You are using an outdated browser. Please upgrade your browser to improve your experience
Argentina is currently going through historic inflation, which Sergio Massa, as incumbent Minister of the Economy, has presided over since August 2022. Javier Milei, a member of Argentina’s lower house of parliament, represents a radical alternative, grabbing headlines with his hard-libertarian proposals which include shutting down Argentina’s central bank as a part of a full dollarization of the country’s economy. Recent polls have Milei as the favourite by a slim margin, but polls have been unreliable throughout this election process.
Milei has promised to cut back on a government he views as bloated, pushing for the closure of 10 ministries. A firm supporter of the free market, he believes that environmental regulation hinders the private sector, proclaiming that under him, “A company can contaminate a river as much as they want.”
In the vein of right-wing populists throughout the Americas, Milei has failed to showcase a structured dream for Argentina after his proposed cuts. In the recent presidential debate, Milei unilaterally declared that he would end relations with two of Argentina’s largest trade partners, China and Brazil, citing their left-wing governments. His promotion of dollarization, an attempt to mitigate roaring inflation, also faces concerns of feasibility from financial analysts who point at the country’s lack of foreign currency reserves.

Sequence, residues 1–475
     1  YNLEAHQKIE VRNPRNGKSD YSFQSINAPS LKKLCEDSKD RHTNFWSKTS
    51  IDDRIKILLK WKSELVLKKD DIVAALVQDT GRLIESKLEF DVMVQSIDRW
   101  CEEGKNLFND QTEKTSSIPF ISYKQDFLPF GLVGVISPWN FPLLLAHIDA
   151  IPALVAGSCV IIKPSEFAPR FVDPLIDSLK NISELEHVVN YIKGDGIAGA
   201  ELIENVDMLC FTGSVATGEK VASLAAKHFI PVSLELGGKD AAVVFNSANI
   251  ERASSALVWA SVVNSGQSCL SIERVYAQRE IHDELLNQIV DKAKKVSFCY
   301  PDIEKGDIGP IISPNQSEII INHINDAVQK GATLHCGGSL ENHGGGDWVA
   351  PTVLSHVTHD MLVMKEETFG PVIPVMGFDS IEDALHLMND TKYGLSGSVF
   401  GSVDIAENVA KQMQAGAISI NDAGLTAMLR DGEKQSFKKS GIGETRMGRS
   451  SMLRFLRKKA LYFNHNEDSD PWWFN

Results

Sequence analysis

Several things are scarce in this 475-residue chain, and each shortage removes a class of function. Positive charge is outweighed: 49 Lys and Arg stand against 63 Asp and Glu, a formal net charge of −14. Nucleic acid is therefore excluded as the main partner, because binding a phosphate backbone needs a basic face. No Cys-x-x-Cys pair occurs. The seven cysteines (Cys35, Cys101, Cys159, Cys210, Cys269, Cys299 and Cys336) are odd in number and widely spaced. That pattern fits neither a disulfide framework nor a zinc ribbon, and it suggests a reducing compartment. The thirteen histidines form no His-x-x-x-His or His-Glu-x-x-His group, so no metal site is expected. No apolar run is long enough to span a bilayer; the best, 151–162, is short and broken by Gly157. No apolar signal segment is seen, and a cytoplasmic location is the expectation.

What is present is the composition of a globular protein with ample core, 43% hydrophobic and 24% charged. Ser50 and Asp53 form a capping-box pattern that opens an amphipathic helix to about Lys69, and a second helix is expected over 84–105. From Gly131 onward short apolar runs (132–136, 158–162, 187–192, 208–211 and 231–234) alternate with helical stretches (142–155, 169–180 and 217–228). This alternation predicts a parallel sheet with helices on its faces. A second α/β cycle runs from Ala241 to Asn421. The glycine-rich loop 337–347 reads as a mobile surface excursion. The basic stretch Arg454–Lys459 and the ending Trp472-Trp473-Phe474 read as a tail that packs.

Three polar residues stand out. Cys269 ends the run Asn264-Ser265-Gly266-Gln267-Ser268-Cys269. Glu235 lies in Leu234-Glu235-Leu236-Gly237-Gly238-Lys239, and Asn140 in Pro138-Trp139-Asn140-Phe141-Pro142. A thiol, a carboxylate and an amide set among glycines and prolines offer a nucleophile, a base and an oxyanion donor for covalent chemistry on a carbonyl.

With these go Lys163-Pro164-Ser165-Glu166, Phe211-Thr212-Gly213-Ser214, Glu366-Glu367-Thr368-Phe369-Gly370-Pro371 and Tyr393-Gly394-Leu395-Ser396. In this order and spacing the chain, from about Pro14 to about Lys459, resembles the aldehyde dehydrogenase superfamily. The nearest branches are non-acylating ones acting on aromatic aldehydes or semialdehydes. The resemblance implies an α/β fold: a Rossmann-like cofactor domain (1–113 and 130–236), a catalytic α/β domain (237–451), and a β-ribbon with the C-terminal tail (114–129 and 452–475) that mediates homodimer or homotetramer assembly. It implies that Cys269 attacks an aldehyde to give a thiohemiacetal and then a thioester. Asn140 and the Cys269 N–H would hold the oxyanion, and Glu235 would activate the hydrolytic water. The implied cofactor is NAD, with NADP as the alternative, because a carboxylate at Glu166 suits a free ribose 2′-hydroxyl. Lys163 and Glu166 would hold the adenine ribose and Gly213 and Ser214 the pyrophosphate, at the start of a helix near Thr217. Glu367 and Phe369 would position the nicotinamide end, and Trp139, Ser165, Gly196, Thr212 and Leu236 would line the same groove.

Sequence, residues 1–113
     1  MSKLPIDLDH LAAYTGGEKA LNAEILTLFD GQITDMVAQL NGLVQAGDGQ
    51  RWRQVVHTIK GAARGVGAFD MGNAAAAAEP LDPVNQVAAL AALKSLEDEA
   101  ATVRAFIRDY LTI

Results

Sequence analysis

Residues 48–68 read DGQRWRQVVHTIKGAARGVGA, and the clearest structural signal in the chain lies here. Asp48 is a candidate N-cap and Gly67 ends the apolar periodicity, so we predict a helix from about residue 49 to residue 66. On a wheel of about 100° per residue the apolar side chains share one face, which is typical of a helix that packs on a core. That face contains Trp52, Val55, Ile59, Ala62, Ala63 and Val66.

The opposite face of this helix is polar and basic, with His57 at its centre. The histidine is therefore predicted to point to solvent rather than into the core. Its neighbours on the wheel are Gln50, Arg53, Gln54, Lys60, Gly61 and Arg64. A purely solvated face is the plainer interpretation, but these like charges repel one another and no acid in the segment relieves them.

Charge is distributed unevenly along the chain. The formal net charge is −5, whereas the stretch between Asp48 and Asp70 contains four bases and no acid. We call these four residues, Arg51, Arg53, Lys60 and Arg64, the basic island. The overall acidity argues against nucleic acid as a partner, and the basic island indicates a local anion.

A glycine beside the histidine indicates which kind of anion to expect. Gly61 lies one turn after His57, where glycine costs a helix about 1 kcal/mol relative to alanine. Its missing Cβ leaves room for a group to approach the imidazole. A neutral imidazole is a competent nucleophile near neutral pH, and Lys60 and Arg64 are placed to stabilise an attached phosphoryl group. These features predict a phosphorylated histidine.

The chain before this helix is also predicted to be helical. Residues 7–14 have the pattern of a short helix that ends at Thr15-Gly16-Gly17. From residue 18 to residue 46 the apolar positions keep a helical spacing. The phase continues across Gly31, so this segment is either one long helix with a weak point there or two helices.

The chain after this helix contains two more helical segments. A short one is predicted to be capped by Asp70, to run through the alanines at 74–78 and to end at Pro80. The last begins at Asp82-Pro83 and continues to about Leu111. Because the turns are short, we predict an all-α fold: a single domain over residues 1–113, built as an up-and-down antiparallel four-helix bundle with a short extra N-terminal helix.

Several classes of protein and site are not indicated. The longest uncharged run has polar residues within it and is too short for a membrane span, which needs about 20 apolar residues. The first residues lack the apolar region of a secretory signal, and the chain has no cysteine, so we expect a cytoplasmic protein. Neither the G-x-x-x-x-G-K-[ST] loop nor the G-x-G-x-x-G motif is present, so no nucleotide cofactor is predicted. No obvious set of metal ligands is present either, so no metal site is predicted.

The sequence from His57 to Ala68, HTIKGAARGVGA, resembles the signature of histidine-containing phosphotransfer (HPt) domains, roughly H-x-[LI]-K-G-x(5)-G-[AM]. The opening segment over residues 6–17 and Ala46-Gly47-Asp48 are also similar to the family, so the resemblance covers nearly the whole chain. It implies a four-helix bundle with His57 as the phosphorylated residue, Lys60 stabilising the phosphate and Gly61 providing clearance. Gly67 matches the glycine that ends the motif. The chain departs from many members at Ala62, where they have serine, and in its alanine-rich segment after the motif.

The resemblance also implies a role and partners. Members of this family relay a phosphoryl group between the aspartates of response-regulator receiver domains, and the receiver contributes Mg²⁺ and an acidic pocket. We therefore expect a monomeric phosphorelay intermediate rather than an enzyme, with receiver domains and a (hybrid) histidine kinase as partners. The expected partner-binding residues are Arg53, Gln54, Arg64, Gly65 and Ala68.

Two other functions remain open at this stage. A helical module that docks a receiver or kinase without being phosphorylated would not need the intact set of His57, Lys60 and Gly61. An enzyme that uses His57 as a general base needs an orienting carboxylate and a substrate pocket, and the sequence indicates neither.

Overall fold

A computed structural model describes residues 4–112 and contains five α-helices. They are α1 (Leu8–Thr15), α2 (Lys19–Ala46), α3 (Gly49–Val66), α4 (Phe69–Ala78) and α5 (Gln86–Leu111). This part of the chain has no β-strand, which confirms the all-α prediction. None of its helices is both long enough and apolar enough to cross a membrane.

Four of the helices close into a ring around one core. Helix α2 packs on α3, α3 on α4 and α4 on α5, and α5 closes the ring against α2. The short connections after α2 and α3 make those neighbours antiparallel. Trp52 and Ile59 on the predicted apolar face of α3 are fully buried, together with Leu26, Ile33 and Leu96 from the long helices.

In contrast, Massa has promised a steady hand to guide the country forward. So far, he has raised fears of Milei’s proposals to slash the country’s strong social safety net, while increasing public spending through higher salaries for government workers as well as wide-ranging tax cuts for a vast majority of the workforce. Experts have expressed caution on Massa’s spending, especially in the context of the country’s high inflation rate and its depletion of foreign reserves.
Current economic policy has the potential of endangering the country’s $44 billion IMF loan, which has played an important role in staving off economic collapse. Massa has also been supportive of Argentina’s incoming addition to the BRICS group, with the potential of strengthening ties with important partners Brazil and China, as well as providing new avenues for the export-oriented economy. That being said, Massa has also relied on a level of vagueness on his economic policy going forward, preferring to question Milei’s proposals than defend his own economic record.
Investors are faced with a difficult choice between both candidates, given the current state of Argentina’s economy. Markets reacted negatively to Massa’s win of the first round of presidential elections, with Argentina’s international sovereign bonds falling. While Milei represents a complete unknown, both in his unorthodox policy and the extent to which he will stick to his rhetoric, he also presents hurdles for investors wishing to secure a commitment to ESG standards. Massa for his part has continued to emphasise strong relationships for financial agreements with both the US and Chinese markets.
Reach out to discuss this article or our insights into Latin America further at firstname.lastname@example.org.
Photo credit: LUIS ROBAYO/AFP via Getty Images